Email etiquette can have a major impact on workplace communication. When colleagues and clients read emails you send, they make assumptions about your professionalism, trustworthiness, competence, and more. These tips to improve your email etiquette will help you maintain a solid reputation within the C-suite while improving your communication skills.
1. Avoid Being Too Personal or Casual
Even if you are friendly with the people you work with, it is important to remember you are representing your organization when you send emails. Keep your communication professional and formal. For example, avoid discussing your personal life and overusing exclamation marks and emoticons. Also avoid using too much industry jargon, slang, and of course don’t use curse words.
2. Keep Emails Brief
Few people enjoy reading long emails. In general, emails should not be longer than 3 short paragraphs. Recipients will start to lose focus after that. If you have more to say than can be contained in a brief email, it is usually better to have the conversation in-person or over the phone. It also helps to read through the email before you send it. Are there sentences that aren’t necessary? Do you wait too long to reach the main point of the message?
3. Tell Recipients Who You Are
Unless you’re emailing someone that you work with daily, it is a good idea to introduce yourself at the start of an email message. It doesn’t need to be long. Just provide a short sentence giving your name and role. We often figure that if we met someone before, they know who we are. But in the professional world, it is easy to forget a name if you meet new people regularly.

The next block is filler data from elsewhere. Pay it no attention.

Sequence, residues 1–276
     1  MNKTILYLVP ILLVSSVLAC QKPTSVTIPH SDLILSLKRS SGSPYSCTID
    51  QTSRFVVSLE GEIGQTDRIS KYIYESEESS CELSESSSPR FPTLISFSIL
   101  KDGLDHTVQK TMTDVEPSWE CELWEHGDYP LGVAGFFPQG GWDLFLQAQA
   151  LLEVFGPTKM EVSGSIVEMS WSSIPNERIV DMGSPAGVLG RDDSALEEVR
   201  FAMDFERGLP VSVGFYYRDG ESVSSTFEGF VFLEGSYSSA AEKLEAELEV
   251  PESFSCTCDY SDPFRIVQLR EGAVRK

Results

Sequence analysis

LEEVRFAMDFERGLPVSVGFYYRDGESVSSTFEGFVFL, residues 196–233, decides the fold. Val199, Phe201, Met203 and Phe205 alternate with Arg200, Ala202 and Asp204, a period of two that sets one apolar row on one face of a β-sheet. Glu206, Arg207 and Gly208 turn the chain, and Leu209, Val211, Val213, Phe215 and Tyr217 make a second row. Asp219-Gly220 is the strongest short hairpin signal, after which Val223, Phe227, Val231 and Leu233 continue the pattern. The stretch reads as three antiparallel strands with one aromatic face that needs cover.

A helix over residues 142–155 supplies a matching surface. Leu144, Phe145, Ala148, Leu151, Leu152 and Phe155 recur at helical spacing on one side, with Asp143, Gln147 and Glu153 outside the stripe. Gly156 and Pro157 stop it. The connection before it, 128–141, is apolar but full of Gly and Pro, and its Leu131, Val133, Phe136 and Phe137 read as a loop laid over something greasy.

4. Proofread Emails
Grammar, punctuation, and spelling errors are some of the fastest ways to lose credibility with your recipients. We have gotten used to relying on tools like spellcheck and autocorrect. While these tools are helpful, they are imperfect. Make sure you carefully review email messages before you click send to check that they are free of errors. It might take an extra minute or two, but it is better than having to explain confusing or embarrassing typos.
The etiquette you use when you write and send emails can say a lot about who you are as a professional. It’s important for your colleagues, managers, and clients to view you as organized, credible, and well-spoken. You can improve your email etiquette by practicing writing in a professional tone, keeping messages brief and to-the-point, introducing yourself to email recipients, and proofreading all of your messages before they go out.
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